Organized Panel Session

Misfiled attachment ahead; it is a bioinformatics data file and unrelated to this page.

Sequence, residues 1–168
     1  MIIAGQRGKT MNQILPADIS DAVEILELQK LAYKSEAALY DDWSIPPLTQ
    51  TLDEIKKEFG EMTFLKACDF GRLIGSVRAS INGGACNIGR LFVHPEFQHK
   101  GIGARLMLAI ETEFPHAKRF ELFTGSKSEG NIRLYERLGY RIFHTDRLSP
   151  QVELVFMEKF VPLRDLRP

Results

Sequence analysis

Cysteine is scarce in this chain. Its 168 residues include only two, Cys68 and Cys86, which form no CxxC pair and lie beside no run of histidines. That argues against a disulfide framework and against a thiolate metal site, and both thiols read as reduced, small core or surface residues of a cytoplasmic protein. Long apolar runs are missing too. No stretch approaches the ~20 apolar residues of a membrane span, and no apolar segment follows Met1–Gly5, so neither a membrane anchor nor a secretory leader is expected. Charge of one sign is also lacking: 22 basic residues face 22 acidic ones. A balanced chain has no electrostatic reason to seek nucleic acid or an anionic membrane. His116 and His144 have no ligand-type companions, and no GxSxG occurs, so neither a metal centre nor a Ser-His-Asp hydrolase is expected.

This panel considers the local and global forces impacting knowledge production in and of Afghanistan through one hundred years of national independence (from 1919) and two large-scale military invasions over the last forty years (1979 Soviet and 2001 US-led international). Knowledge about Afghanistan evolved in different ways across the historical periods defined by these dates. Independence from Great Britain transformed colonial-imperial writing about Afghanistan and locally produced nationalist historiography in the country. This period is examined by Max Drephal who considers Afghan Independence through the expanded operations of the British Legation in Kabul in the post-independence era. The invasions of Afghanistan in 1979 and 2001 generated different types of international scholarly writing about the country, as well as new forms of domestic academic production and public intellectual behavior. Mateusz Klagisz examines the recent invasions of the country using Soviet Afghan propaganda posters to explore Afghanistan’s symbolic location in Soviet imperial visual culture. The distinct pressures of national independence and two highly transformative international invasions resulted in similar textual products in the form of national atlases of Afghanistan. The production of atlases often results from new configurations of national and imperial power, and this conspicuous and important genre of texts will be examined by Rachel Lehr and Florence Shahabi through their examination of the unpublished archive of the Linguistic Atlas of Afghanistan that originates with work of the Norwegian Linguist George Morgenstierne (1892-1978) who began research in Afghanistan in the early 1920s immediately after the country gained independence.